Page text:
James Antle disputes two words of my latest article for the magazine. I wrote that in 1996, Patrick “Buchanan ran as a strong social conservative who disagreed with most Republicans on trade, taxes, and entitlements.” Antle grants me trade. He notes that Buchanan disagreed with the Republicans’ decision to try to slow the growth of Medicare, but adds, “I’m not sure it represented the totality of Buchanan’s thinking on entitlements circa 1996.” Covering the campaign, I had no access to whatever private thoughts Buchanan had on entitlements. I know he disagreed with the biggest Republican domestic initiative of the time.
Antle thinks that I’ve got Buchanan even more wrong on taxes.
[T]here wasn’t much heterodox about Buchanan’s position on taxes. He had opposed the tax increases of 1990 and 1993. He favored a modified flat tax, retaining deductions for mortage interest and charitable donations. He supported a capital gains tax cut. He even hoped to balance his tariffs with lower taxes on businesses domestically. Buchanan might have criticized the Republican economic agenda for not being sufficiently concerned with middle- and working-class interests–which now seems to be becoming the consensus conservative position–but I don’t see where he took positions on taxes that were at odds with a majority of Republicans.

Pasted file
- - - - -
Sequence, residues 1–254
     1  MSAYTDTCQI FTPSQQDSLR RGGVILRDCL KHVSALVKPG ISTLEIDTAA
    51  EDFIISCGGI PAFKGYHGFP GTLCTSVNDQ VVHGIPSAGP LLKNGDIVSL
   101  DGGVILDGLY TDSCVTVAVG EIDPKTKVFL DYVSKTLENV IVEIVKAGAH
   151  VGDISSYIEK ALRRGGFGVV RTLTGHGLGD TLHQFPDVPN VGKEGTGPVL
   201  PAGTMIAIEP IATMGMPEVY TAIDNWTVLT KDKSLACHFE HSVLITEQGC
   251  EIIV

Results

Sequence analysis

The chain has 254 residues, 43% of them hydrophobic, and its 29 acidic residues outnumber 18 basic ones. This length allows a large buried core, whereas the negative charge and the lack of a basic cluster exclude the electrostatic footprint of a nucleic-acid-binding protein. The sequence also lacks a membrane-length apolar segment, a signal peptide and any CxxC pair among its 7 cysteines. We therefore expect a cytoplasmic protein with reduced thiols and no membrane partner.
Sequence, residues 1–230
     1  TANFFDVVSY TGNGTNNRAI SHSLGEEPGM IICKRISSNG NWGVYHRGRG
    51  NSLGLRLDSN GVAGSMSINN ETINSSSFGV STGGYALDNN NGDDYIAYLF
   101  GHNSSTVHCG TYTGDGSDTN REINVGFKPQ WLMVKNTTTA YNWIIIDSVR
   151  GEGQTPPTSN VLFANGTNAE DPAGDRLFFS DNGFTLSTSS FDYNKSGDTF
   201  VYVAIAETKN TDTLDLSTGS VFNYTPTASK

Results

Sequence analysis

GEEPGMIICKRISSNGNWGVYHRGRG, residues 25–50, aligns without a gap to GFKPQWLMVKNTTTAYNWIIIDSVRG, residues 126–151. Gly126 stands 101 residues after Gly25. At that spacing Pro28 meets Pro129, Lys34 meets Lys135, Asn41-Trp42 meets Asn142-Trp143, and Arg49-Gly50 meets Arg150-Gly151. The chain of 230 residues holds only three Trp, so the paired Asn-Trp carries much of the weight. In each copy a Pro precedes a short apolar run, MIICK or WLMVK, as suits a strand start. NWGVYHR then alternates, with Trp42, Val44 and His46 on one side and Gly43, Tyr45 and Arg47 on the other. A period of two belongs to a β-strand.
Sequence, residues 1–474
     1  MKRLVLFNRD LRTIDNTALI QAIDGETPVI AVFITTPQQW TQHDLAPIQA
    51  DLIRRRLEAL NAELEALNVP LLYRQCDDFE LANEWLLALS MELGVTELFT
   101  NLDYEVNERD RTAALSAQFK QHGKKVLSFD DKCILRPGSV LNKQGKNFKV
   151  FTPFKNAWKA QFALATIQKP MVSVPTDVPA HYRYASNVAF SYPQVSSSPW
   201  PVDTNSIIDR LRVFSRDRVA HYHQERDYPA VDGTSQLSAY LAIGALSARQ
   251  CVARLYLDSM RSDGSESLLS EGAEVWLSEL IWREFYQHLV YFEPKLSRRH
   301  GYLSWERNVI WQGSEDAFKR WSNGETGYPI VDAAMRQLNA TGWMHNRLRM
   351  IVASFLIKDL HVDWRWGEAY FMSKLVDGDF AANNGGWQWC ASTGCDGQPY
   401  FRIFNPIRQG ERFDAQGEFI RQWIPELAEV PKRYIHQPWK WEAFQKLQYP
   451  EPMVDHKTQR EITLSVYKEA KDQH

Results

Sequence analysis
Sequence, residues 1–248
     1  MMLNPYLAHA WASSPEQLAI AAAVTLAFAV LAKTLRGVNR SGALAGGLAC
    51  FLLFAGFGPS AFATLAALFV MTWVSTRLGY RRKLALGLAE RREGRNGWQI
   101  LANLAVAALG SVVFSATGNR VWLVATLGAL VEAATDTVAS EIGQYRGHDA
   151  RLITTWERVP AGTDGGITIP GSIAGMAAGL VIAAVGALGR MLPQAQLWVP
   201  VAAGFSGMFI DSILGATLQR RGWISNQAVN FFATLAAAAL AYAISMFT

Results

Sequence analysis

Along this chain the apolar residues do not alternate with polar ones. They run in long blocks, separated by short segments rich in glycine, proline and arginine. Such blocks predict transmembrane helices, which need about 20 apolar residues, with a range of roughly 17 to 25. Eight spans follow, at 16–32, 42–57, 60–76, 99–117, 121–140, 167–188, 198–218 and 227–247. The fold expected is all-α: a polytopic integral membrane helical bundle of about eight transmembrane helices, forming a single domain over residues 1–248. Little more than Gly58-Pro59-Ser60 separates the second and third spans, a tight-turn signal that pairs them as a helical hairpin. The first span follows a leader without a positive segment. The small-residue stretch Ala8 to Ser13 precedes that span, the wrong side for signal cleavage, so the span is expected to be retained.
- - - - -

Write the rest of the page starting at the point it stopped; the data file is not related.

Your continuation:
I think Antle is premature in declaring the existence of that “consensus conservative position,” although I hope it becomes one soon. But trashing tax cuts for rich people was not a consensus conservative position in 1996 or at any time since. That’s how he attacked the flat tax in a New York Times op-ed:
The flat tax of Steve Forbes seems to have been rooted in the dictum that “what’s good for Bohemian Grove is good for America.” Indeed, it appears to have been drafted on the back of a menu, after a bibulous evening with the boys down at the yacht basin.
In the op-ed, he also plumps for estate taxes, so long as the exemption level is raised.
Anyway, I’m glad Antle liked the article, which mentions Buchanan only briefly.